When it comes to baking, it’s important to understand the basics! Today we are nerding out and diving into two ingredients that usually get confused for each other – baking powder vs. baking soda. So let’s finally understand the difference and how they work in baking.
I think when it comes to baking, one of the questions I always get asked is what’s the difference between baking powder and baking soda? I’ll admit I’ve mixed them up a few times myself. Tired me = should not be baking.
And if you have ever mixed them up then you might have realized very quickly they are SO. Not. The. Same. Oh well. Lesson learned the hard way. But I believe if you want to become a better baker, then you need to make sure to
a) not mess those two up
b) understand why they are different.
So that’s what we are doing today. We are going to nerd out on some baking science today. So you with me?
What’s the difference between baking powder and baking soda?
Before we talk differences let’s talk similarities. Both are leavening agents. This means that these ingredients are responsible for causing your baked goods to rise.
But chemically they are fundamentally different.
What is baking soda?
Baking soda (also known as bicarbonate of soda or sodium bicarbonate) is a base. Yes we are going to have to channel our science class days on this one. If you had a childhood like mine that you reacted baking soda and vinegar to watch a fun volcano happen. Well that is what is happening when add a baking soda to your cookies.
Baking soda is added to a recipe to react with the acidic ingredients in your recipe. And when they come together they create those lovely bubbles (aka carbon dioxide) which help to make your baked goods rise. So if you see a recipe calling for baking soda. Look again. Because you will probably see an acidic ingredient there to balance it out like in my red velvet cake recipe, such as:
- Lemon juice
Pro Tip: For 1 cup of flour in a recipe, use about 1/4 teaspoon baking soda to leaven.
What is baking powder?
Baking powder on the other hand is actually baking soda + a dry acid (like cream of tartar). They are usually mixed with a bit of cornstarch, to help keep them separate and dry.
You will notice that most baking powders are labeled, as “double acting”. This means it will react twice, causing two sets of bubbles to occur. Double acting baking powder will react first when it encounters a liquid, like when you add it to your batter, and then again with heat from the oven.
Baking powder is most often used when an acidic ingredient is not used because it already contains an acid to neutralize the baking soda in it. Plus, because you get that second lift you get a little flexibility of letting that batter rest a bit before popping it in the oven.
Pro Tip: For every cup of flour, use 1 teaspoon baking powder to leaven.
Why do some recipes call for both baking soda and baking powder?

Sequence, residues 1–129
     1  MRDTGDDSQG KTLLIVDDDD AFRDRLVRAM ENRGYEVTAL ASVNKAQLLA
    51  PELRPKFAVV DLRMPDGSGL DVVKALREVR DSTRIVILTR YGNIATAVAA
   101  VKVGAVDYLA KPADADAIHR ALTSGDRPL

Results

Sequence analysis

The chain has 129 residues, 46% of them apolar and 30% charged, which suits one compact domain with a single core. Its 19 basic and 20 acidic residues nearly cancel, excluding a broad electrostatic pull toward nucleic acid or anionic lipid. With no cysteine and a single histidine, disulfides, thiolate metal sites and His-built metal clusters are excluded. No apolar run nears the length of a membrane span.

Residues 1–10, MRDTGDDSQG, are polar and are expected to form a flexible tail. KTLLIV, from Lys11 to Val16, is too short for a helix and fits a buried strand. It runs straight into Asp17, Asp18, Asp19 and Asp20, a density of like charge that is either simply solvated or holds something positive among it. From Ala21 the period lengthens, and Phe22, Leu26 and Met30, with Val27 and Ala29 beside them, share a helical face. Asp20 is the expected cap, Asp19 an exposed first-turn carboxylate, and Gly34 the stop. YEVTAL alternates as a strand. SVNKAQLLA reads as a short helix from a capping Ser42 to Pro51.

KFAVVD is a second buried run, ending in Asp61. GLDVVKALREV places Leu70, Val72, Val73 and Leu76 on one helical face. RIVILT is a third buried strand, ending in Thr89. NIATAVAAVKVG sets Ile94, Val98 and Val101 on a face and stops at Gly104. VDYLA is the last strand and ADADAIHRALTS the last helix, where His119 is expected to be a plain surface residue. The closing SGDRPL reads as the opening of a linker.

Ever notice how some recipes will use BOTH baking soda and baking powder? If a recipe calls for an acidic ingredient, the baking soda will react and give off some carbon dioxide to provide some lift. However, it does not provide enough to completely leaven the baked good.
So the recipe will also use baking powder to provide that second lift like in my sour cream lemon pound cake recipe.
Be sure to test for freshness!
Your baking soda and baking powder are chemicals which means they have a shelf life to how long they can react. If you have ever had a baked good fall flat and not rise. Your old baking powder and baking soda may be to blame. Now according to Spruce Eats, an unopened package will last 2 years, whereas an opened package lasts 6 months.
So if you’re not sure how long it’s been sitting in your cupboard it’s time to test for freshness.
To test for baking powder: Add a 1/2 teaspoon to about 1/4 cup of hot water. If it bubbles, then it’s still good to use. If it doesn’t then time to throw it out and buy new!
To test for baking soda: Add a 1/2 teaspoon to about 1/4 cup of an acid (such as lemon juice or vinegar). If it bubbles, then it’s still good to use. If it doesn’t then time to throw it out and buy new!
What happens if I use baking soda instead of baking powder?
Baking soda can leaven a baked good when exposed to heat, but if it’s not neutralized with an acidic ingredient your baked good will most likely have a metallic after taste.
What can I use if I don’t have baking powder?
If you don’t have baking powder, you can always substitute baking soda and cream of tartar. You can’t just do a 1:1 substitution with baking powder vs baking soda. If you need two teaspoons of baking powder, you can use 1 teaspoon of cream of tartar with 1/2 teaspoon of baking soda.
What can I use if I don’t have baking soda?
If you have run out of baking soda, you can use baking powder, but you will need a bit more of it. Here is what to do:
For 1 teaspoon of baking soda called for in a recipe you would substitute with 2 to 3 teaspoons of baking powder.
So have we sufficiently nerded out for today?
For more baking 101 posts give these a read:
- My Top 10 Baking Tips
- Natural Cocoa vs. Dutch Process
- What are the different kinds of yeast?
- What flour is best for cookies?
- Types of Flour – Ultimate Guide